One morning in January of 2011, Ward Long woke up before dawn to find the Los Angeles home he shared with four other roommates immersed in flames. Everyone made it out unharmed (except, sadly, for one of the roommate’s cats), but as anyone who’s gone through an ordeal with a house fire knows, the story continued well after the smoke cleared.
In his photography, Long was already interested in the intersection of autobiography and the latent power of physical spaces, so it was natural that the loss of his own home to fire would become fertile ground for a new project.
Situated on a conspicuous hill in Echo Park, the house already had a certain infamous presence in the neighborhood before Long moved in. After the previous group of roommates broke up “somewhat acrimoniously,” the real estate broker who initially showed the house mentioned that Beck may have once lived there, and that Vincent Gallo used it as a set for one of his films. But it wasn’t just its touches with celebrity that colored the house’s reputation.
“People would say to me ‘Oh, you live in that house? I heard a girl committed suicide up there,'” says Long. “One person who used to live there told me people would always knock on the door thinking it was still a group home, and people fresh from jail would show up. It was like we were living on this haunted burial ground for rehab and failed indie rock bands.”
Looking at the straight photographs of the house before, during (by way of screengrabs of a neighbor’s posting to YouTube) and after the fire, an underlying sense of foreboding may not register immediately. But like any traumatic event depicted in photos, truths can lie beneath the surface, ready for different interpretations. And for Long, this became a powerful, somewhat mysterious narrative underlying the trauma of the event. “I brought some people over [after the fire], and they had said something like “Ward this place was definitely cursed, this was inevitable. This was going to happen.” In ruins, the “stupid crap of our degenerate lifestyle” took on a more ominous meaning for Long.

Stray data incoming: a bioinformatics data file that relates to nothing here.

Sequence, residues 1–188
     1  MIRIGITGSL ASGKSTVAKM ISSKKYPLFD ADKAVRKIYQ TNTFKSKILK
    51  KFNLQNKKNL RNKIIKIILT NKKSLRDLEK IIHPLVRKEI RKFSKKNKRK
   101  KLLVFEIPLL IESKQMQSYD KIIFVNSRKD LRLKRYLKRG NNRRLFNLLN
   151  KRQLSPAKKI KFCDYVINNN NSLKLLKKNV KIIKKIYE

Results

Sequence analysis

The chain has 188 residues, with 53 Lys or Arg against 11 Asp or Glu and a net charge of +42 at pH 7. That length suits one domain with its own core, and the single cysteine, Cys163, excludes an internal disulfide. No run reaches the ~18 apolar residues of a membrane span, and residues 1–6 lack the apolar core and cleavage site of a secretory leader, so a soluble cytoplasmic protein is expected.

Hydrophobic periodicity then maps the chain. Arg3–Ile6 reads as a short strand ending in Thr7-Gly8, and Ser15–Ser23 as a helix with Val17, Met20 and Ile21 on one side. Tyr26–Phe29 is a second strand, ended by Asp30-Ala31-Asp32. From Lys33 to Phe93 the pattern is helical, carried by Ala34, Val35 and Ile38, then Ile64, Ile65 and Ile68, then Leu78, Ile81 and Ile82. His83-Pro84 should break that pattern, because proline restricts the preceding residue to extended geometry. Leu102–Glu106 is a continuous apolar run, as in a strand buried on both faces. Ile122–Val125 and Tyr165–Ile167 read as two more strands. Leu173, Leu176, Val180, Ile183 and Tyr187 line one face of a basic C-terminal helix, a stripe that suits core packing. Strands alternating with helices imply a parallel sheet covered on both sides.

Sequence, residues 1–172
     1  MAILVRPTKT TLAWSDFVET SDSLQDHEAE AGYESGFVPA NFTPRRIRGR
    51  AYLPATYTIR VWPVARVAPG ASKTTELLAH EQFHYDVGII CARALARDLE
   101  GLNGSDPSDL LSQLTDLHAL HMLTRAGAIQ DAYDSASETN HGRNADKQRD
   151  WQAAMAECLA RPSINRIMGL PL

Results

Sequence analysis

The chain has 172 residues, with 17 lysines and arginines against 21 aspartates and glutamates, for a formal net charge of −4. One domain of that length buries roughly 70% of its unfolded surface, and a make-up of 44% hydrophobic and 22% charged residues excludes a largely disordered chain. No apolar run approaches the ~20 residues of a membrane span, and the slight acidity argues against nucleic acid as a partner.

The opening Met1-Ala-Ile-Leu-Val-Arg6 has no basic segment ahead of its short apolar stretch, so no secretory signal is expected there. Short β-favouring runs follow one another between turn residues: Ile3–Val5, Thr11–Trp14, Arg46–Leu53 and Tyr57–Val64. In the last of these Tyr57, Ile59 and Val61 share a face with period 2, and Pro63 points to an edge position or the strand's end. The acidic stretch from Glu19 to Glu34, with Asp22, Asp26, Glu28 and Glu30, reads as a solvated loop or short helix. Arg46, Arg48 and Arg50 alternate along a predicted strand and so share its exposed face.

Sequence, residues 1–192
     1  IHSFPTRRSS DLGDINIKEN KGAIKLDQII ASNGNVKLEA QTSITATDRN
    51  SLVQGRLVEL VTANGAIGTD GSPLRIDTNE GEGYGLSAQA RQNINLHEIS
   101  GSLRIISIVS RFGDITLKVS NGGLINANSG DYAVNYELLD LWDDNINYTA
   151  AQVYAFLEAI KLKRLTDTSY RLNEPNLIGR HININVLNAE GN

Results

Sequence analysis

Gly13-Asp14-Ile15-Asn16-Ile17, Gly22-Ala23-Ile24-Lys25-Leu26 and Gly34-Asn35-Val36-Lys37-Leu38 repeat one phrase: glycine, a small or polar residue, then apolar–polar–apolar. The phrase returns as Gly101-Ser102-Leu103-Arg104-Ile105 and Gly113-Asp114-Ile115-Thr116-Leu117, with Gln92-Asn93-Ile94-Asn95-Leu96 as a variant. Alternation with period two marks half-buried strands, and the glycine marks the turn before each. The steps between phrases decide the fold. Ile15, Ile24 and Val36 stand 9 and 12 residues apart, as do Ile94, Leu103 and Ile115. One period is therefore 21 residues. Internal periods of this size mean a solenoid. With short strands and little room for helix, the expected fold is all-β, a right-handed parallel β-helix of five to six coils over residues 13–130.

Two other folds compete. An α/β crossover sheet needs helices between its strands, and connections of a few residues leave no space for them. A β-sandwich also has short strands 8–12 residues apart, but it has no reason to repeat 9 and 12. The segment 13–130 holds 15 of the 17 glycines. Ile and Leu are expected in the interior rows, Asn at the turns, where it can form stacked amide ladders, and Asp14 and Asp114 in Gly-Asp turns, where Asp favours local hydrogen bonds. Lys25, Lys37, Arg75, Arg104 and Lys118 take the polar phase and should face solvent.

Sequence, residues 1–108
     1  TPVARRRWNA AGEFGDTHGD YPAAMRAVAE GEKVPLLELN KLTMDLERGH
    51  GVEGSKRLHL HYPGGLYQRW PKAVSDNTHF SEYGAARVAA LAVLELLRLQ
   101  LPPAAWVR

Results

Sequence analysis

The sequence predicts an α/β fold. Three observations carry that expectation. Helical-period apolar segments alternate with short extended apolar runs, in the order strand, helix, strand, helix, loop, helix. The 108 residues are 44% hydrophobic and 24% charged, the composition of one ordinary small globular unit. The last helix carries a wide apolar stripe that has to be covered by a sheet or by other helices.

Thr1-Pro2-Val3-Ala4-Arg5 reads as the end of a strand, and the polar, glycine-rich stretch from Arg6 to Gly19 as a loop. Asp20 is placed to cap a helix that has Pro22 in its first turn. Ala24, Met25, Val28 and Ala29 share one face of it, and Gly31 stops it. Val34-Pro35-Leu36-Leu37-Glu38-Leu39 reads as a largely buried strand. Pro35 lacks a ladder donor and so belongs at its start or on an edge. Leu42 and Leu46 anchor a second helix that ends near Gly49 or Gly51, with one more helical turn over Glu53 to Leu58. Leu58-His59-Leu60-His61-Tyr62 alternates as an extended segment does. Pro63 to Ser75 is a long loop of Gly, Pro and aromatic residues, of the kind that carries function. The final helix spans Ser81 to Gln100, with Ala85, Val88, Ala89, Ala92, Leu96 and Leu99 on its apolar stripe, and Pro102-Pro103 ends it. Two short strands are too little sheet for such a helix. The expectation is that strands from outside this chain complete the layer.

Several photos from the middle of the book showing the immediate aftermath of the fire Long took with a disposable camera he’d stashed away in his car, ironically, to document damages for insurance adjusters in the event of an accident. With several of his roommates out of town, Long returned several times to the house as it changed and further collapsed, making additional photographs.
“Ruins are always interesting, because photographs of them speak about memory, and impermanence, and they add a little mystery, and all of those things are really appealing to me,” he says. In fact, in a past project “611 Levering,” Long explored similar themes in documenting the ongoing ruination of a home in a college town that went from partied-out frat house to homeless squat.
“I would have been less interested in [ruins] had I known it would happen to me. If I knew that the things that I was interested in were going to happen to me, I may have been more interested in more cheerful things,” he jokes. But ultimately, the images that bookend the narrative, depicting the view from the house’s back porch before and after the fire, suggest that life, in fact, does go on.
For such a simple, straightforward, personal narrative, a book was the only natural output for Long’s project. “I really enjoy the narrative aspect of photography,” he says. “I see a lot of movies, I read a lot novels, and that’s the way I try teach people things with my work, I guess. It’s so much easier to take away a visual lesson, or anything meaningful about life, if it’s presented in a narrative.”
And as a truly 21st-century narrative, the book joins several other portrayals of the story, including video shot by a local news helicopter and the neighbor’s YouTube posting.
“It’s a sequence of images, and a sequence of events that links them together,” says Long. “That’s what I really want to aim for.”